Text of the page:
Resilience not enough, preparedness key to disaster mitigation – Faustino

There is no doubt that Filipinos are naturally resilient that’s why they are capable to withstand the calamities and disasters that hit the country. But resilience is simply not enough.

NDRRMC Chairman Jose Faustino Jr. speaks during the 22nd Gawad Kalasag (GK) Ceremony held at the Manila Hotel in Manila on Dec. 7, 2022. (Screenshot from Office of Civil Defense livestream)

This was the sentiment pointed out by National Disaster Risk Reduction and Management (NDRRMC) Chairman and Department of National Defense (DND) Officer in Charge Jose Faustino Jr. during the 22nd Gawad Kalasag (GK) Ceremony held at the Manila Hotel on Wednesday, Dec. 7.

For Faustino, it is more important that the public knows how to prepare and respond when a calamity strikes.

“Year after year, these uncontrollable calamities ravage our nation physically and in spirit. However, the same overwhelming challenge further proves the resilience of Filipinos,” Faustino said in his speech.

“But beyond our natural resilience as a people, we have to be scientifically and technically adepth, adequating systems and processes that work. We need to continuously upgrade so that the next time a disaster comes along we are more prepared to respond,” he stressed.

The Philippines is highly exposed to a host of natural disasters mainly due to its geographical location.

The Philippines is located to the west of the Pacific where many tropical cyclones form, where many active volcanoes are situated, and where it is surrounded by tectonic plate subduction zones which keep the people constantly on the lookout.

There are at least five major fault systems in the country and these are located across the western, central, and eastern Philippines, Southern Mindanao, and in Marikina Valley.

In September, the World Risk Report cited the Philippines as the country which is at the highest risk of disasters and calamities out of 192 countries.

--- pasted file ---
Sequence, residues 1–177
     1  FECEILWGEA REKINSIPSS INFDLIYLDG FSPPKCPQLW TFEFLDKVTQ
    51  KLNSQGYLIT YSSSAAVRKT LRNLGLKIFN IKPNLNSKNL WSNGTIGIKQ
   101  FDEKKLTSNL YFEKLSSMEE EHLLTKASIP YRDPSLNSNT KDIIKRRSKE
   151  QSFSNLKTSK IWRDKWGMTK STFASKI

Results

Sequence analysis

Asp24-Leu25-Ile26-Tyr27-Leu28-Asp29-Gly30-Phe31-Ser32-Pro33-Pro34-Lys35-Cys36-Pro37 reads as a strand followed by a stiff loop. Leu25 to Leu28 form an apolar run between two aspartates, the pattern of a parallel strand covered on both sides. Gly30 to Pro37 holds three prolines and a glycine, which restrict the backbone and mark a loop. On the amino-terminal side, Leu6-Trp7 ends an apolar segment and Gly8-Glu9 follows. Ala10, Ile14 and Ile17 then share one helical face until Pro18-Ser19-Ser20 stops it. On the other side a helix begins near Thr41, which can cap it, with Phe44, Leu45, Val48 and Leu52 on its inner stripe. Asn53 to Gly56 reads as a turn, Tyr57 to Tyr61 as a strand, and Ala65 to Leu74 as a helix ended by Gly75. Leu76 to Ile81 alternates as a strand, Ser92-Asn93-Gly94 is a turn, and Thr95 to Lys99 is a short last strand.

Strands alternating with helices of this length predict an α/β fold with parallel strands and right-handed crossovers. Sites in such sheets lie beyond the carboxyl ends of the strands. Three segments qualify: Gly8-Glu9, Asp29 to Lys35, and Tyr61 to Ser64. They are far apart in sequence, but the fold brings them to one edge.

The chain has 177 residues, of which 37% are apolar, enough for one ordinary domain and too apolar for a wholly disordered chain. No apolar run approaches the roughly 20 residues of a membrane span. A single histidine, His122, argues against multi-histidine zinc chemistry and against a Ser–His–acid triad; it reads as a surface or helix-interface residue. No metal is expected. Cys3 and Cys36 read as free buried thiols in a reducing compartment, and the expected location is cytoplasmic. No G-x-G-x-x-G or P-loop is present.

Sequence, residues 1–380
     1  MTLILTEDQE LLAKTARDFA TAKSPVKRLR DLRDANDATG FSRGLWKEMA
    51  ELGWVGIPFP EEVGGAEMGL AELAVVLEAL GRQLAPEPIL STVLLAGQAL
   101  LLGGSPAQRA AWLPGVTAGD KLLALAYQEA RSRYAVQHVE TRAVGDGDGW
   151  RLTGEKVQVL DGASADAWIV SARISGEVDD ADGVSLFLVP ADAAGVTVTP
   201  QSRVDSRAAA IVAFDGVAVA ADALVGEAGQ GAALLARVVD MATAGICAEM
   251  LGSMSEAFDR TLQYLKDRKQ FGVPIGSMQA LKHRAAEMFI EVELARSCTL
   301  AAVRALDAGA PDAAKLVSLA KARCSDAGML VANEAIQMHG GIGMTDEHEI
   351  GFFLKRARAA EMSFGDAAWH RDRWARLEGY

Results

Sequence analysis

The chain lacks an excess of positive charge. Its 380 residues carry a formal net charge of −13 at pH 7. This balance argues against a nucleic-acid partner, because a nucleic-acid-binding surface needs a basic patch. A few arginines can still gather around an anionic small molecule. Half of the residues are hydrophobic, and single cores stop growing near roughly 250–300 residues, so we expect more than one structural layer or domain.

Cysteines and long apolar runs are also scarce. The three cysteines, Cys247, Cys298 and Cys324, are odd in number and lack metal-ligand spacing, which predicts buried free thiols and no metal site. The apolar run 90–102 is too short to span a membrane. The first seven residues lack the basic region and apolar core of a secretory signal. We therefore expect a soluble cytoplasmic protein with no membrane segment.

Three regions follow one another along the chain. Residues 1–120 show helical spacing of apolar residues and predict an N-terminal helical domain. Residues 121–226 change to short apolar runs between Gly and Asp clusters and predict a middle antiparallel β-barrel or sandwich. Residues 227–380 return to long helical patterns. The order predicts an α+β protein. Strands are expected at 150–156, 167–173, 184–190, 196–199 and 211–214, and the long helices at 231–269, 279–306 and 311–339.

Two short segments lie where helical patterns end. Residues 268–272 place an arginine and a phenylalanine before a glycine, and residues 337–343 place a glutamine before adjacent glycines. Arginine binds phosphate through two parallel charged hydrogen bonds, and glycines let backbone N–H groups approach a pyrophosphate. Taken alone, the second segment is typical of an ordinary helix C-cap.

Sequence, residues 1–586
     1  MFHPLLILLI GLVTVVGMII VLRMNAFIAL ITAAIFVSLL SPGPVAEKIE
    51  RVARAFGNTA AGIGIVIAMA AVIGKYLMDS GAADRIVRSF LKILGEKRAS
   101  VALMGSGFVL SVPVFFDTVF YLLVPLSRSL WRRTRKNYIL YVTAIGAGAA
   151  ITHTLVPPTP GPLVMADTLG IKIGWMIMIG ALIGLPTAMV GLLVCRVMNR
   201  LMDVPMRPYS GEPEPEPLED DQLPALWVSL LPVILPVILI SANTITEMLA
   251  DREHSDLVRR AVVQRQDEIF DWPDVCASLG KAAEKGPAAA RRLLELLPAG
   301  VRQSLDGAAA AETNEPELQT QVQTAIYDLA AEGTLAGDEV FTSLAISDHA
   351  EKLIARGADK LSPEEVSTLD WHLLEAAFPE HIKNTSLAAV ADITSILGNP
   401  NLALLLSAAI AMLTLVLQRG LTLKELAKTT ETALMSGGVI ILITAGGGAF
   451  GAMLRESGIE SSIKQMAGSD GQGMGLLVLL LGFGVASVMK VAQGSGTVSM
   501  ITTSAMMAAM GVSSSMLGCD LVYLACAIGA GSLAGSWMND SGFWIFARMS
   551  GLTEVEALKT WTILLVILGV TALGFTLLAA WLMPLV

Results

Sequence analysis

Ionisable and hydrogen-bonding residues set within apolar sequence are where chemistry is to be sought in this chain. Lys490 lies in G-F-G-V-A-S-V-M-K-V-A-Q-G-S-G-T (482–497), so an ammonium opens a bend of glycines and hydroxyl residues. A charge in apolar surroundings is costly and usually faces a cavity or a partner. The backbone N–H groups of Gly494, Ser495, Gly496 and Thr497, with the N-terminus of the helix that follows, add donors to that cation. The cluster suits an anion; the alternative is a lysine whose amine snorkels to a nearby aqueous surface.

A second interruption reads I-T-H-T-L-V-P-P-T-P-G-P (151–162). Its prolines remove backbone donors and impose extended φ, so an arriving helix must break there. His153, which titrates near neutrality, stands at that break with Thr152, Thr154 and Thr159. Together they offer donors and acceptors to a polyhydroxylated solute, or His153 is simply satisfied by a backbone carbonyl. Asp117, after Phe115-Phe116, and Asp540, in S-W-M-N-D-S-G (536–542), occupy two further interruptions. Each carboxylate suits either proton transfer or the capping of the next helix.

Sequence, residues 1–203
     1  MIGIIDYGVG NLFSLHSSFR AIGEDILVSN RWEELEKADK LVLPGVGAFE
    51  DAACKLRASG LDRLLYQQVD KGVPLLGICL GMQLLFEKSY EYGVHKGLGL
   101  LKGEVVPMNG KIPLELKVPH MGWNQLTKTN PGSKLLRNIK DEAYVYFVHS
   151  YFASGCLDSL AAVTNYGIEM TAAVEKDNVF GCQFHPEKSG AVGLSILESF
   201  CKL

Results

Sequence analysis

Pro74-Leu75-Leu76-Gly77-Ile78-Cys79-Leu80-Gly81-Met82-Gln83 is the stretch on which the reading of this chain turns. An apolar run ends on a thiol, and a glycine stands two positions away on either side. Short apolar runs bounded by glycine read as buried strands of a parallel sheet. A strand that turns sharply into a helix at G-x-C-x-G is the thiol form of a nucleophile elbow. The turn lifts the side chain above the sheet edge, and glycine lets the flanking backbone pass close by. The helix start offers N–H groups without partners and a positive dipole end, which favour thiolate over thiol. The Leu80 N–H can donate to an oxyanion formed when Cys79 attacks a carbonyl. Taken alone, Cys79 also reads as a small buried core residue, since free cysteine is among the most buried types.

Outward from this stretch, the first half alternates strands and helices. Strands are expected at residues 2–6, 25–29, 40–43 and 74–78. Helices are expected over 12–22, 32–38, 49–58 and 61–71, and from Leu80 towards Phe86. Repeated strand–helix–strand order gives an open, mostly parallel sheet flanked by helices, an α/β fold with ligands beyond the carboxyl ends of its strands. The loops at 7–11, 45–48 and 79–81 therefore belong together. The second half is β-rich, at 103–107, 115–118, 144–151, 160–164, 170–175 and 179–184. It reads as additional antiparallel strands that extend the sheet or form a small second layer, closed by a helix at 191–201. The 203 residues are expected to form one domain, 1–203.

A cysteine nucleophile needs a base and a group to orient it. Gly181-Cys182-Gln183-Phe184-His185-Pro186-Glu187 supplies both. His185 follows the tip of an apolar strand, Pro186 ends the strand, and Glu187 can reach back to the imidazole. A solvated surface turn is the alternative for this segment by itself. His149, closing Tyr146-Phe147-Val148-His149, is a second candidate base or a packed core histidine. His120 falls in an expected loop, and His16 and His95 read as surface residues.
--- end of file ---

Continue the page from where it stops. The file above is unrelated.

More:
The Philippines obtained a risk score of 46.82 after several factors were considered such as exposure to natural disasters, vulnerability in terms of susceptibility to their adverse effects, lack of coping capacity to short term, and lack of adaptive capacity in the long term.

In terms of exposure alone, the Philippines ranked Top 4 with a score of 39.99, following Japan, Mexico, and China.

“Exposure is an element that is outside of our control so it becomes imperative that we continuously improve our nation’s capability to address effectively our vulnerabilities,” Faustino underscored.

During the event, the NDRRMC, through the Office of Civil Defense (OCD), recognized local government units (LGUs), schools, hospitals, private groups and institutions, and private individuals for their exemplary performance and notable contributions in disaster risk reduction and humanitarian assistance.

The GK, according to NDRRMC Executive Director Raymundo Ferrer, is a performance assessment mechanism and instrument that reinforces the commitment and support of stakeholders towards the enhancement of their DRRM programs.

“Along with the mission to recognize the stakeholders, GK continues to highlight the importance of DRRM and Climate Change Adaptation towards sustainable development,” Ferrer said.

“It also promotes the spirit of volunteerism among agencies and individuals as well as assessment of the capacity of stakeholders in identifying risks, reducing vulnerabilities in the communities, and addressing challenges brought by emergencies and disasters,” he added.